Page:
Fetch Robotics is committed to providing an exceptional out-of-the-box experience for new robot owners. One of the ways in which we create a great experience is by using standard ROS interfaces. This means that code you might have written for other robots in the past should be easily portable to your new robot.
Whenever possible, we have conformed to the ROS Enhancement Proposals (REPs). These documents provide the foundation of standard ROS interfaces. In addition to REP-compatible interfaces, we have adopted a number of the community-accepted standard interfaces, such as those provided by the control_msgs package.
Arm and Torso¶
The arm and torso of the robot are controlled by control_msgs/FollowJointTrajectory actions. This action interface is the output of packages such as MoveIt, and allows the arm to execute a pre-defined trajectory. Three interfaces are provided:
arm_controller/follow_joint_trajectory to control just the seven joints of the arm.
arm_with_torso_controller/follow_joint_trajectory to control the seven joints of the arm plus the torso.
torso_controller/follow_joint_trajectory to control just the torso.
Only one controller is allowed to control a joint at a time.
Fetch is tuned to work with smooth paths. The tuning performs best when paths are properly smoothed and timed, such as those generated from MoveIt! Fetch has a number of mechanisms in place to prevent damage from improper trajectories. Improperly constructed paths may cause motor or breaker shutdown.
In addition to the trajectory controllers, the arm is always running a gravity compensation controller.
Support for mobile bases is quite standard and robust in ROS, however it is one of the older interfaces. As such, it is one of the few interfaces which is not action-based.
The mobile base subscribes to base_controller/command, and accepts a geometry_msgs/Twist message.
Only two fields are used in the message:
linear.xspecifies the robot’s forward velocity
angular.zspecifies the robot’s turning velocity
User applications will typically not connect directly to base_controller/command, but rather to cmd_vel. A multiplexer is always running between cmd_vel/teleop and cmd_vel. Whenever the deadman on the robot controller is held, cmd_vel/teleop will override cmd_vel. The advantage of having your application publish to cmd_vel rather than directly to base_controller/command is that you can override bad commands by simply pressing the deadman on the robot controller.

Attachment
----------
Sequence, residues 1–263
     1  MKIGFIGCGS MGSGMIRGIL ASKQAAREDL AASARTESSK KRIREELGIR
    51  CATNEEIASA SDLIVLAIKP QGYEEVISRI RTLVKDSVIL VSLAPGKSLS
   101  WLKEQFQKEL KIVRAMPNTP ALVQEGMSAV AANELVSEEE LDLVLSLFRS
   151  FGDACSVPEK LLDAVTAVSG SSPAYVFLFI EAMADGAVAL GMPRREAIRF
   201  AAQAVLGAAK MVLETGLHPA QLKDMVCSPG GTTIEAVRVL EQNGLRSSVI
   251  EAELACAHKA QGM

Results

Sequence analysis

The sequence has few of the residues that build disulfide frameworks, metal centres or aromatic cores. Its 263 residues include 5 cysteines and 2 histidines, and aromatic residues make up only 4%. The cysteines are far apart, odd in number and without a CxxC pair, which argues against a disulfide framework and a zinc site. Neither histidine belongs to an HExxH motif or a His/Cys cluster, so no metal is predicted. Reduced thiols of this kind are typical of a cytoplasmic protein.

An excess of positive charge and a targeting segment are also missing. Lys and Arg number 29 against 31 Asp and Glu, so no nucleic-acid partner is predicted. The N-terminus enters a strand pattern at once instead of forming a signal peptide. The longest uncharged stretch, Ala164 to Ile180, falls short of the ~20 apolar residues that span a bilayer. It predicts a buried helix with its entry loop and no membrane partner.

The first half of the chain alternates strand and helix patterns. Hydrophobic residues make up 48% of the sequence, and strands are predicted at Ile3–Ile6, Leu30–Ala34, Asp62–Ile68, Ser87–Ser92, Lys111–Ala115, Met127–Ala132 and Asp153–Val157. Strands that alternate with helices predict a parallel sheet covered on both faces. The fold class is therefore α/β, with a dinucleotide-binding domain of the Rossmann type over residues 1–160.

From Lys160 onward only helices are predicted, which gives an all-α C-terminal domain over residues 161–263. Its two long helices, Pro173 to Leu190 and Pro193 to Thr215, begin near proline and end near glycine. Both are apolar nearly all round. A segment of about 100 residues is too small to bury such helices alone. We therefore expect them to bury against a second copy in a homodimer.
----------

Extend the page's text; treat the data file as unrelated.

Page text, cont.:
The base controller implements a speed reduction when in the proximity of obstacles. This will not entirely stop the robot if it is about to hit something, but will prevent full speed collisions.
The head exposes two potential interfaces. The first is an ActionServer available on head_controller/follow_joint_trajectory which follows a joint trajectory as with the arm and torso (described above).
The second interface is unique to the head, and allows the user to easily point the
head (and head sensors) at a point of interest. This action-based interface is
available on head_controller/point_head. It is of type
Although the interface currently does not support any of the
fields, it points the head_tilt_link (which is very near the camera optical
axis) towards the target point to achieve a similar effect. A
max_velocity can also be specified.
gripper_controller/gripper_action exposes a
ActionServer. The gripper command takes in
effort as parameters. Generally,
the gripper is commanded to a fully closed or fully opened position, so
effort is used to limit the maximum effort. As the gripper never fully reaches
the closed position, the grasp strength will be determined by the maximum
Head Camera Interface¶
The head camera exposes several topics of interest:
head_camera/depth_registered/points is a sensor_msgs/PointCloud2 which has both 3d and color data. It is published at VGA resolution (640x480) at 15Hz.
head_camera/depth_downsampled/points is a sensor_msgs/PointCloud2 which has only 3d data. It is published at QQVGA (160x120) resolution at 15Hz and is intended primarily for use in navigation/moveit for obstacle avoidance.
head_camera/depth/image_raw is a sensor_msgs/Image. This is unit16 depth image (2D) in mm . It is published at VGA resolution (640x480) at 15Hz.
head_camera/depth/image is a sensor_msgs/Image. This is float depth image (2D) in m. It is published at VGA resolution (640x480) at 15Hz.
head_camera/rgb/image_raw is a sensor_msgs/Image. This is just the 2d color data. It is published at VGA resolution (640x480) at 15Hz.
base_scan is a sensor_msgs/LaserScan message published at 15Hz.
Note: the raw laser information as reported by the laser hardware is published to base_scan_raw. The information published to base_scan is filtered to remove shadow points.
imu is a sensor_msgs/Imu message published at 100Hz. This message contains the linear acceleration and rotational velocities as measured by the IMU located in the base of the robot.
On Fetch robots, the gripper IMU publishes to gripper_imu. This is also a sensor_msgs/Imu message published at 100Hz.
The IMUs are not present in the simulated robot.
There are 3 breakers governing power on the fetch. One each for the arm, gripper and base. If the motors are commanded to perform beyond their limits they will shut down for safety. To reset them you will either need to toggle the e-stop or use the following service calls:
$ rosservice call /arm_breaker false && rosservice call /arm_breaker true
$ rosservice call /base_breaker false && rosservice call /base_breaker true
$ rosservice call /gripper_breaker false && rosservice call /gripper_breaker true
To query the current state of the breakers, you can inspect the output of the command
rosrun fetch_drivers read_board 0.